Degree Type


Date of Award


Degree Name

Doctor of Philosophy



First Advisor

Charles Kostelnick



Spectacle earns its special status by enthralling its spectators: It "speaks" to its audience in a language of hyperbole, magnitude, and wonder. Such strategies are designed, in part, to overwhelm viewers, mythologize the subject, and brand its representations as icons of power. At the same time, however, spectacle can serve to liberate the viewer's imagination, activate a group's collective memory, and embrace viewer, subject, and the objects represented in a coherent and collective identity. I will call these strategies Big Rhetoric, a discourse of outsized objects (or texts) and overwhelming events (or performances) that operates, alternatively, to aggrandize, captivate, and ennoble its audience. My use of the term Big Rhetoric differs from its use by rhetorical scholars who refer to the "rhetorical turn" in an assortment of disciplines. My discussion approaches the study of Big Rhetoric as a type of communication and a means of persuasion. The study aims to investigate the use of scaled objects as a disruptive form of rhetoric and links the dramatic expression of big objects in Hellenistic Rome with the novel strategies of representation cultivated by the "nationalizing" spectacle of the 19th century world expositions.

In Chapter 1 the concept of spectacle is discussed based on Guy Debord's theory of representation (having the characteristics of enslavement, domination, and separation). The underlying premise in Debord's work is that forms of spectacle in a capitalist society attempt to separate society from the real by transforming reality into a commodity. My dissertation complicates this one view of spectacle by introducing the idea of Big Rhetoric as an expression of magnitude and as an example of disturbance. I define the concept in the introduction and then apply it in each chapter by addressing such problems as how Big Rhetoric is made, the use of Big Rhetoric by political and other social institutions, and how Big Rhetoric and the practice of "speaking loudly" can be used to modify and reshape the built environment. Chapters 2 and 3 answer some of these questions by exploring the strategic use of the concept in two "golden ages": The golden age of Hellenistic Rome and the golden age of 19th century America, broadly considered. The two case studies provide especially rich sites for analyzing Big Rhetoric: these rhetorical texts upset expectations of normalcy and compensated for that disturbance with "delectare" (delight). For the penultimate section of this study, I provide a reading of Frank Gehry's proposed Dwight D. Eisenhower memorial in the D.C. National Mall, which based on the previous chapters, becomes an example of the persistent use of memorials as a medium for speaking loudly in a contemporary dialect. In examining western traditions of Big Rhetoric, this dissertation advances a theoretical framework for considering the rhetorical practice of magnitude that can be utilized in future rhetorical work.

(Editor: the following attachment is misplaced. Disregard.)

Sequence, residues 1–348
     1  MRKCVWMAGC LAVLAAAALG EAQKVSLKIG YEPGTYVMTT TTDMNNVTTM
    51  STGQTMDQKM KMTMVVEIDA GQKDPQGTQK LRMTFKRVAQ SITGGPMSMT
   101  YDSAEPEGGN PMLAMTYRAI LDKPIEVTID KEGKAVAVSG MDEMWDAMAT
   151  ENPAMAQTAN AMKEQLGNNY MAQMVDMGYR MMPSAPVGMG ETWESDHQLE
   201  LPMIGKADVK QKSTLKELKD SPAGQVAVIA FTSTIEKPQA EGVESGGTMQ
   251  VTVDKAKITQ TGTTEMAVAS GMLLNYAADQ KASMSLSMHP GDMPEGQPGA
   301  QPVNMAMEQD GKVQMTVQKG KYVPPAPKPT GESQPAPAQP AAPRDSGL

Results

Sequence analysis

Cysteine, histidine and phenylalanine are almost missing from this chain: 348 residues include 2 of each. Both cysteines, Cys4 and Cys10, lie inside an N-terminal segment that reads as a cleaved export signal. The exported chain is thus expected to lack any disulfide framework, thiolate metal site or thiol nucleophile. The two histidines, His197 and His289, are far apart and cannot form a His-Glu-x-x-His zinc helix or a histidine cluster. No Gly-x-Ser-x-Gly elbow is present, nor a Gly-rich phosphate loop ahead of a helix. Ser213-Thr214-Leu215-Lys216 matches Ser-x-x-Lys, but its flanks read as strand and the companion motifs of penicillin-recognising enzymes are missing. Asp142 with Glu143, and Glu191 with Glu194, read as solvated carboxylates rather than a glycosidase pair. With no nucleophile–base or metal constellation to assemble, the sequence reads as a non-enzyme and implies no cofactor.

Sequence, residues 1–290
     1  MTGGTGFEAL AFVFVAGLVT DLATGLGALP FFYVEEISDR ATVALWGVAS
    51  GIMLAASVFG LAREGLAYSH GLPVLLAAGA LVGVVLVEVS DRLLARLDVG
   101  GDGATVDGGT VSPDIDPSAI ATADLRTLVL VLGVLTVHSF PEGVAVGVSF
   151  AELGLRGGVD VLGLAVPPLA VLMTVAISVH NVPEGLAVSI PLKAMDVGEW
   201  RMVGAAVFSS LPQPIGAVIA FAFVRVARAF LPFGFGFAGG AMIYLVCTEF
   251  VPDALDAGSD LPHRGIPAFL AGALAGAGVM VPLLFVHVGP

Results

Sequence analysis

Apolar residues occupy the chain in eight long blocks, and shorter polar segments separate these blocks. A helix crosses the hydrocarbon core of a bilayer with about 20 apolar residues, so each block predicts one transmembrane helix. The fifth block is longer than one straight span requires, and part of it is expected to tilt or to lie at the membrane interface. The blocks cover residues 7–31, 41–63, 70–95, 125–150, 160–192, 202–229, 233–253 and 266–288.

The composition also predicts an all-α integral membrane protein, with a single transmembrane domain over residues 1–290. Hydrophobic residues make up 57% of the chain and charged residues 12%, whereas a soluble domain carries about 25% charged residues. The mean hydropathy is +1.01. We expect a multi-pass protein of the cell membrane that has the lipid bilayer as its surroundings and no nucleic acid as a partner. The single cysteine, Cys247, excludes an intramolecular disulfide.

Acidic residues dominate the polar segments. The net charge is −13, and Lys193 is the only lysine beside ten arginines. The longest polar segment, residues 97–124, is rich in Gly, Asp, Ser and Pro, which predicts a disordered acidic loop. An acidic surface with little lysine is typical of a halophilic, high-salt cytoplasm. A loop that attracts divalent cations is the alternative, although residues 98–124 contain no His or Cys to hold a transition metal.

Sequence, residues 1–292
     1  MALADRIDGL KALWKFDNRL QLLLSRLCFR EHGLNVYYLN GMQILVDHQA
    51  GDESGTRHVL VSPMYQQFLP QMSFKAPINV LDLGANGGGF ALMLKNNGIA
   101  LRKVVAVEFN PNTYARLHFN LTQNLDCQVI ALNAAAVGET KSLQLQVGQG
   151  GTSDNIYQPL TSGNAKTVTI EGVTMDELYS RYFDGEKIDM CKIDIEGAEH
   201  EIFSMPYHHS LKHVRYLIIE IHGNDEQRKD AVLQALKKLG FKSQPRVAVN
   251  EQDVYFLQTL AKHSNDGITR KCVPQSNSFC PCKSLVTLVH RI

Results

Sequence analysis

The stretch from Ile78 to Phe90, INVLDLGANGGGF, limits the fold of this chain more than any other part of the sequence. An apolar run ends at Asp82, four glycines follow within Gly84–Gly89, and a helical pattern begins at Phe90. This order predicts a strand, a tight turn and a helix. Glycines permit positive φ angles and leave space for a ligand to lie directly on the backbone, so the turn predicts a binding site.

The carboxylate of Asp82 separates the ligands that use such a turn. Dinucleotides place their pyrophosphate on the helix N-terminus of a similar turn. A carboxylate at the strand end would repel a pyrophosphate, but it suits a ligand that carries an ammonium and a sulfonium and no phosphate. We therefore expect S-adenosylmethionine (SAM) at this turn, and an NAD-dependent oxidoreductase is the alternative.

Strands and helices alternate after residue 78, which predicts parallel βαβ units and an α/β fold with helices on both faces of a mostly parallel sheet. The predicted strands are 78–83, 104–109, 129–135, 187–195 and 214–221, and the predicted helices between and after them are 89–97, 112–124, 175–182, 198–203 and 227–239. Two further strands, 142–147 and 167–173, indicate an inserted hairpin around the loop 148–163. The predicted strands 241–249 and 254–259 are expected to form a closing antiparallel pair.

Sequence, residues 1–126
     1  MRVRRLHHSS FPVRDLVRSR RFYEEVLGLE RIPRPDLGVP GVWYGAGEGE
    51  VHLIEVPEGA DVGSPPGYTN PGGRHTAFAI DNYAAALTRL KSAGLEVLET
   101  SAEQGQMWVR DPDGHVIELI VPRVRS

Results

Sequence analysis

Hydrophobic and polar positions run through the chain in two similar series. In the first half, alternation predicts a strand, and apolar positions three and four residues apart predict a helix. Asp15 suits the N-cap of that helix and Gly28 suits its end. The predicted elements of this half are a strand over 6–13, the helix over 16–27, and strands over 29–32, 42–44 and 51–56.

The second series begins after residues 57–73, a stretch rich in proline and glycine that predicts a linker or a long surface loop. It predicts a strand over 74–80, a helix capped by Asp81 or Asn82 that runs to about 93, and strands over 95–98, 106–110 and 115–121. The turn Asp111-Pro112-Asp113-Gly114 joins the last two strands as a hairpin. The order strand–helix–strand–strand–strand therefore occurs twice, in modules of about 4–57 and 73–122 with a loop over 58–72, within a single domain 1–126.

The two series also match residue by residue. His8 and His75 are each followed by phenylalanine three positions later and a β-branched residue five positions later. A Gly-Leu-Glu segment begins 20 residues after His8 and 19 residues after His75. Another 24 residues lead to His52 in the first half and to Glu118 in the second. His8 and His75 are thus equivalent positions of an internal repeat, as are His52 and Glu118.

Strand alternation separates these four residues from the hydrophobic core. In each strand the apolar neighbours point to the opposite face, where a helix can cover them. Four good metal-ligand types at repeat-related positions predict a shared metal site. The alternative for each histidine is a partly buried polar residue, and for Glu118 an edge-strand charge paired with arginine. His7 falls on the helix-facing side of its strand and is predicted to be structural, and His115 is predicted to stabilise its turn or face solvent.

Copyright Owner

Jonathan Mark Balzotti



File Format


File Size

131 pages

Included in

Rhetoric Commons